Time and time again the English have said the same. We will have government, but the legitimacy of government derives from its ability to deliver for the common good. There will be powerful people, but our measure of them is whether they meet their responsibilities to wider society.
However, our society today is wildly unequal in wealth but also in power. Everyone knows in their bones that the rules are different for those at the top. For decades we have been told that the accumulation of great wealth is the right and just outcome of a market economy. We have been told that this is a natural law in which morality has no role to play. On the other hand, the historic notion of the common good challenges that self-serving ideology. The common good demands that we judge a society, its government, its powerful, by whether they deliver their obligations to the many. If, once again, we could make the common good the measure of England it would change what we think we can do.
The common good can give us a new sense of national economic purpose. The loss of major companies, the dominance of the global banks in London, the relative neglect of innovation and manufacturing, the skill shortages and under-utilisation of talent in poorly paid and unproductive jobs – these are all symptoms of an economy run in the interests of a few. The common good can give us the rules for reshaping the economy. The common good can provide the values that can be shared in the boardroom, call centre, hospital and shopfloor. The common good tells us what behaviours we value and those that we don’t.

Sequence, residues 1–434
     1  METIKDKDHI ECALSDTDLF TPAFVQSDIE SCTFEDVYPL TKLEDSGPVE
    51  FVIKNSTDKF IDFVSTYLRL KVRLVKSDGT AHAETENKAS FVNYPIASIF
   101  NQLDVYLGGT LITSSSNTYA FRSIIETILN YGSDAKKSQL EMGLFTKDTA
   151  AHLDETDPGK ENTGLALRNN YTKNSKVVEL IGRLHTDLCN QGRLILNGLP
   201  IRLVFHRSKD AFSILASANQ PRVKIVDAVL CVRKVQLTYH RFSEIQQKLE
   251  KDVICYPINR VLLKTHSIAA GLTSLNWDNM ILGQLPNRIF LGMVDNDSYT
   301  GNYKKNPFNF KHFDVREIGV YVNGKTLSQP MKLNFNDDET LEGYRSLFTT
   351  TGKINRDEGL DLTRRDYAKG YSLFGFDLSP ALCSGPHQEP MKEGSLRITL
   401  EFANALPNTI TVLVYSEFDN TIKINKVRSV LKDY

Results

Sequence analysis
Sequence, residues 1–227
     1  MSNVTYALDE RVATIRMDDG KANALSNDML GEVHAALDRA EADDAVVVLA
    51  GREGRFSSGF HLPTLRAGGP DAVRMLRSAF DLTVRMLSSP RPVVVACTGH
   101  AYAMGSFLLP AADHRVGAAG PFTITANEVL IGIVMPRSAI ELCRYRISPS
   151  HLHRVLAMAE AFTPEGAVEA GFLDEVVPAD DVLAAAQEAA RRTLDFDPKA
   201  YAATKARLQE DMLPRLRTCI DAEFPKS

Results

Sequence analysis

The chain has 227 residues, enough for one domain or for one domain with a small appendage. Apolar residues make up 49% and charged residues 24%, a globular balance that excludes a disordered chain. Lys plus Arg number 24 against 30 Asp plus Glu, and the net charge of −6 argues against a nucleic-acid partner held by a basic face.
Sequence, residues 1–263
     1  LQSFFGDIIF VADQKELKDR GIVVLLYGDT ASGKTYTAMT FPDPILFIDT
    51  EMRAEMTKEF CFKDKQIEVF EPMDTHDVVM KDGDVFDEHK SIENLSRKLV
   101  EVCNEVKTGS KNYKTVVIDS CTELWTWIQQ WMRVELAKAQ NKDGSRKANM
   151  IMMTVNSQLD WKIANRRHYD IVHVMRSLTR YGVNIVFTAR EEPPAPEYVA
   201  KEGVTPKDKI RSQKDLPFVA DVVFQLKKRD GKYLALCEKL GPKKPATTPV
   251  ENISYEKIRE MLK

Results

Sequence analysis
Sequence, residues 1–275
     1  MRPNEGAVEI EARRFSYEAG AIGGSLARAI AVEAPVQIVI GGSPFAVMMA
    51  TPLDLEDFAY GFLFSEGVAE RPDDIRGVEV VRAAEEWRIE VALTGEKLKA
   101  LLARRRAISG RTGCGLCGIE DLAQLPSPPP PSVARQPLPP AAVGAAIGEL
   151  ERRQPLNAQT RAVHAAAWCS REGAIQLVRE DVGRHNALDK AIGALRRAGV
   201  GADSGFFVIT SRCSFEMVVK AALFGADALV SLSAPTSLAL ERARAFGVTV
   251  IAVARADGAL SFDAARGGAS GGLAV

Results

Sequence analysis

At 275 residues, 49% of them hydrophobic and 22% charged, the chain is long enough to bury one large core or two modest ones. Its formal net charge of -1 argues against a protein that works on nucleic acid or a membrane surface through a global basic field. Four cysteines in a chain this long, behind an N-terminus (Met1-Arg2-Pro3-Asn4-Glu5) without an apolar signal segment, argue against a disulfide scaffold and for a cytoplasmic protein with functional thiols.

England is always changing, but few changes have been as rapid, and as visible as the immigration of recent years. In 30 years or so, around a third of our population will have ethnic minority backgrounds:
Source: Runnymede Trust 2010
Around 30% will not be white. Many parts of England will look, perhaps sound, very different. Minority communities today are much less likely to say English than British. Younger generations are changing but the disparity is marked. We can all have multiple identities. But a nation cannot work if we can’t agree what nation we are, and if that disagreement is on ethnic or racial lines.
English has to be an identity we can all share, or England itself will fail. Even though the history of our island has been absorbing the impact of newcomers, nothing quite like this has happened before. Still, there is enough in our past to guide us today. The English have never been defined by our genes, but by our institutions, our customs, the way we do things.
There is, of course, a limit to how fast any nation can be expected to change. And our deeply held values cannot be negotiated:
- - Everyone should play by the same rules,
- - You have to pay in, not just take out,
- - The radical demand for freedom from exploitation in the workplace,
- - The popular tolerance of live and let live.
Migrants have come from many places but most have some historic link. When I told a young Southampton councillor that my uncle was on Southampton’s war memorial having been torpedoed on the way to the Far East, she told me her Sikh grandfather had been in the same army in the same conflict. In sharing two stories the south Asian presence becomes not an accident of history, but a shared history of sacrifice and service. When we share our stories we can understand how we all came to be here.
No one will come to a party to which they’ve not been invited; I believe that being English belongs to everyone making their home and life here. Racists will deny this. But, let’s be honest, well meaning liberals who say ‘we can’t really talk about England because of minorities’ are in their own way, suggesting that Englishness is not for all. We need to understand that place matters.Everyone said how calmly the English responded to the 7/7 bombings. Yet 40% of those Londoners weren’t born here. Our local identities communicate values and belonging.